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(Side note while we’re day dreaming about all those delicious calories: Believe it or not, I managed to get a longer run in while I was there. I ran 11 miles, despite the sun and the fact that I had NO idea where I was! Gotta keep training! See: this update.)

BirdsWe spent time on the beach, took Bird Scooters around the city, went into Little Italy for the best homemade pasta and wine, oh – and we spent a day in Mexico! Because, why not?!

 

Bonus Stop: Tijuana

I couldn’t miss an opportunity to get another stamp in my passport! I know, I know, I said this was a domestic trip, but come on – I was so close to a country I’d never visited! Besides, if Marisa and Ryan went in an episode of The O.C., it must be a Californian past-time, right?

I wasn’t sure what to expect in Mexico – especially given our current political climate.  We only stayed for a few hours, unfortunately, but I really enjoyed my time there and would recommend that anyone visiting San Diego make the trip. I will definitely go back!

First and foremost, the tacos were divine. I know I talk about food a lot in this – just go and you’ll understand why! Leanne and I made our way to the Telefónica Gastro Park – a little off the beaten path – but so glad we did. We sat outside, surrounded by locals, not tourists, and found vegan tacos for me! So. Good.

 

Of course, we also spent a lot of our time wandering through shops, too. Store owners were friendly and energetic – offering tequila and asking where we were from. I wish my Spanish was better so I could have engaged with the locals more. Next time.

MexicoFor anyone wondering, we had absolutely no trouble getting over to Mexico and back. We had read a lot about long lines and tough security, especially on our return to the US, but we had no problem at all. We decided to take public transit in San Diego to the border, then walk across, rather than drive so we didn’t need to worry about parking or waiting in long lines of traffic. The process was pretty easy– no big security checks or lines on either side. People were friendly and helpful. The hardest part was finding the entrance back into the US, honestly! I’m sure there are times when it’s busier. We went on a Sunday, which may have helped, and crossed over midday, came back around dinner-time.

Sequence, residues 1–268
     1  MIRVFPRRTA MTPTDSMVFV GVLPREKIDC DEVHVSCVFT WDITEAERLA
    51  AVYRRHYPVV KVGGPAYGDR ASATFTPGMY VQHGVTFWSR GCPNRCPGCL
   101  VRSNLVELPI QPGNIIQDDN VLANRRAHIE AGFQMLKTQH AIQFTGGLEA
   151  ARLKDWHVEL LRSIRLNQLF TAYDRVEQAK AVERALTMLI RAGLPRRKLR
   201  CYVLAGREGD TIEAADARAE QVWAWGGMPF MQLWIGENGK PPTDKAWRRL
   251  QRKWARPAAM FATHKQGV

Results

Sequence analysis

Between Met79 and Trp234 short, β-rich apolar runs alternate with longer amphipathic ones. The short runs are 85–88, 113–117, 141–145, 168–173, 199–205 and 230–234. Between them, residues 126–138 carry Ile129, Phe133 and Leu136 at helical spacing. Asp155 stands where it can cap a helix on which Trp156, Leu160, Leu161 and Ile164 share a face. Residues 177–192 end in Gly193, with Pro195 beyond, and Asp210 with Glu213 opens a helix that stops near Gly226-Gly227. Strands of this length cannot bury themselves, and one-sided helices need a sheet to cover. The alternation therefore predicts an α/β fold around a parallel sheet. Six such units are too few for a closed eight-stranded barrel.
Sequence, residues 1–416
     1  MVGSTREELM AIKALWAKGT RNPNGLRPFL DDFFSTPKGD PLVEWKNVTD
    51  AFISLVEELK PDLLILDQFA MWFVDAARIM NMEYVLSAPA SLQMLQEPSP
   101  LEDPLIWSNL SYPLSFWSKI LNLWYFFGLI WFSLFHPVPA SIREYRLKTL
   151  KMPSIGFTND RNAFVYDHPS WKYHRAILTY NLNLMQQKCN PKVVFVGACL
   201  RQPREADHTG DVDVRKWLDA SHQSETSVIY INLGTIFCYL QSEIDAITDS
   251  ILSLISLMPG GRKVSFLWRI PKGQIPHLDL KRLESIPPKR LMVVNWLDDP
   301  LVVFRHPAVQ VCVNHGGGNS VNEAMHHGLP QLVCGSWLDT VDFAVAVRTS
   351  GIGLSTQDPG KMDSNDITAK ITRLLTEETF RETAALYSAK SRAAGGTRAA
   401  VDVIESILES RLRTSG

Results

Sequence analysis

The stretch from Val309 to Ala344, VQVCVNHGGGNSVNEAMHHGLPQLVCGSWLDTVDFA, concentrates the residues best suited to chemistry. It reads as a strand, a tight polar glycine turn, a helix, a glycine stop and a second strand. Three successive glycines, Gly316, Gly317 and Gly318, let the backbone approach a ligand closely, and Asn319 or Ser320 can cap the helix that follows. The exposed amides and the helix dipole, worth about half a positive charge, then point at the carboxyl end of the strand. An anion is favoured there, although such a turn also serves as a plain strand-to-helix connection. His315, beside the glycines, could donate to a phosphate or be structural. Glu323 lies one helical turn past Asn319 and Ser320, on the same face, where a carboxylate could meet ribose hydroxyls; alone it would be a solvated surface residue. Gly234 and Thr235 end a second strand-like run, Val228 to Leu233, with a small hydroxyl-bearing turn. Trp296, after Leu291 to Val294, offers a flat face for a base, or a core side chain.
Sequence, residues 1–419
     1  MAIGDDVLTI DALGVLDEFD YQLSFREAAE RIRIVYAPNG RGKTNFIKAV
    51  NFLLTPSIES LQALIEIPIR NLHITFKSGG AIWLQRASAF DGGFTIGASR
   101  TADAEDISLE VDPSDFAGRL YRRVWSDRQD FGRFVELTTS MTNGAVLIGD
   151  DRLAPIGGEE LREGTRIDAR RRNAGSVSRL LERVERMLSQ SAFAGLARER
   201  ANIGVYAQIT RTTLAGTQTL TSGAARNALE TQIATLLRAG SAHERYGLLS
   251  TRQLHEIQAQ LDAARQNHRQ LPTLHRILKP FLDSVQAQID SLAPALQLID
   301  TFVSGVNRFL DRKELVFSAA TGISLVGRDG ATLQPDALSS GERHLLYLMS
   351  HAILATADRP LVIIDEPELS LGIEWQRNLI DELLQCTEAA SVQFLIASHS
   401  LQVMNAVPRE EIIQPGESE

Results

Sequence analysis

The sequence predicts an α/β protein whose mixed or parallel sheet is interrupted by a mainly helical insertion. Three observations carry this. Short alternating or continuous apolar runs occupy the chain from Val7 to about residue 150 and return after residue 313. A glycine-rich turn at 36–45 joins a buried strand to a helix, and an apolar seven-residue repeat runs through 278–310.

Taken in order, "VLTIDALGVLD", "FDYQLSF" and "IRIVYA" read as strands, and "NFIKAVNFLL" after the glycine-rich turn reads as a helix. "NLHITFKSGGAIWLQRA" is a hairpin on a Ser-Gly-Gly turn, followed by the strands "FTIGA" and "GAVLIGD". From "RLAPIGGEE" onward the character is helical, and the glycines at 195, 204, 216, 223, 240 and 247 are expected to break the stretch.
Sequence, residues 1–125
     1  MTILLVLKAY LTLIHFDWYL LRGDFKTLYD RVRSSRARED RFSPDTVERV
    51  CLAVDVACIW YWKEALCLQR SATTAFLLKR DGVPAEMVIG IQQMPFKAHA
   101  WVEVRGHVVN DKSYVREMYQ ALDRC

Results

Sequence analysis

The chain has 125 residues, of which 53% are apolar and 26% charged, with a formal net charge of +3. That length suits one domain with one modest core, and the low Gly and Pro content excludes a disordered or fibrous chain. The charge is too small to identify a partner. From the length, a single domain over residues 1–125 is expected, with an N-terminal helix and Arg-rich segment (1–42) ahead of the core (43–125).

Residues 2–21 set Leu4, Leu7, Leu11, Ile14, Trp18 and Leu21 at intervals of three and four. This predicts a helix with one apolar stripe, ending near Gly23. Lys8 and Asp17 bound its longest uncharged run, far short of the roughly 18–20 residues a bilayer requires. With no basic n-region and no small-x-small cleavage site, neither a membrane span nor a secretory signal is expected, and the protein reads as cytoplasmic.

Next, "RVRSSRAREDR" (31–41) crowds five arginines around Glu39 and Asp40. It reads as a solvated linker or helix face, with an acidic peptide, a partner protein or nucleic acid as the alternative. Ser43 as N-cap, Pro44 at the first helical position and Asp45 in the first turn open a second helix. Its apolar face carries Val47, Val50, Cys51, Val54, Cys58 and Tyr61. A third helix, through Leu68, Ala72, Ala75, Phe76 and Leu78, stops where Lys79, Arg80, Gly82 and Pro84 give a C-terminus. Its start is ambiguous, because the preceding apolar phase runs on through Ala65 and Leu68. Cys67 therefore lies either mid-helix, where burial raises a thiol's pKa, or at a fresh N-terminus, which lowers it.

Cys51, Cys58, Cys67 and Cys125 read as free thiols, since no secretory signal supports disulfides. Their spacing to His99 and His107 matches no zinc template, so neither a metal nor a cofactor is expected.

Conclusions:

Drive Route 1. Drive it slowly. Give yourself days to take in the scenery and wander around the little beach towns and busy cities. Eat tacos every day. Bring a coat and toilet paper and a camera with a lot of storage. Don’t worry about getting lost. Let the sun and the waves dictate your journey.

 

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Goal Accomplished: OFFICIALLY CERTIFIED!

It’s official!

I am a certified Kick It by Eliza instructor! I’ll be teaching the 13-round, kick-boxing inspired cardio classes in Boston — and wherever else my travels take me!

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Here’s why this is significant:

Like so many women, I have struggled with my weight and body image my whole life. Growing up in the dance studio, I was constantly comparing myself to the other girls, feeling that I could never look as graceful as them because of my shape. I specifically remember my first time feeling upset about this: I was EIGHT. I had come home from a dance class and cried to my mom that my thighs were too big. AT EIGHT!

I developed a very unhealthy relationship with food and exercise in high school. I counted out to 1,000 calories a day, despite the fact that I was spending hours a day in dance rehearsals or acting classes and was walking between classes. I would skip meals, throw away food. If I ate too many calories, that’s when I would come home and walk/jog on the treadmill until I had burned off the excess. To be honest, as sick as it sounds, I’m impressed with my self-control!

In college, much of this faded away naturally. Food was part of the social culture, so it didn’t seem like the enemy! I felt like I had escaped the pressures of high school and just wanted to fit in. I was also so active with dance and walking to campus, that I didn’t care as much about the extra weight I had put on. (Not that I didn’t care at all, but it was certainly an improvement.)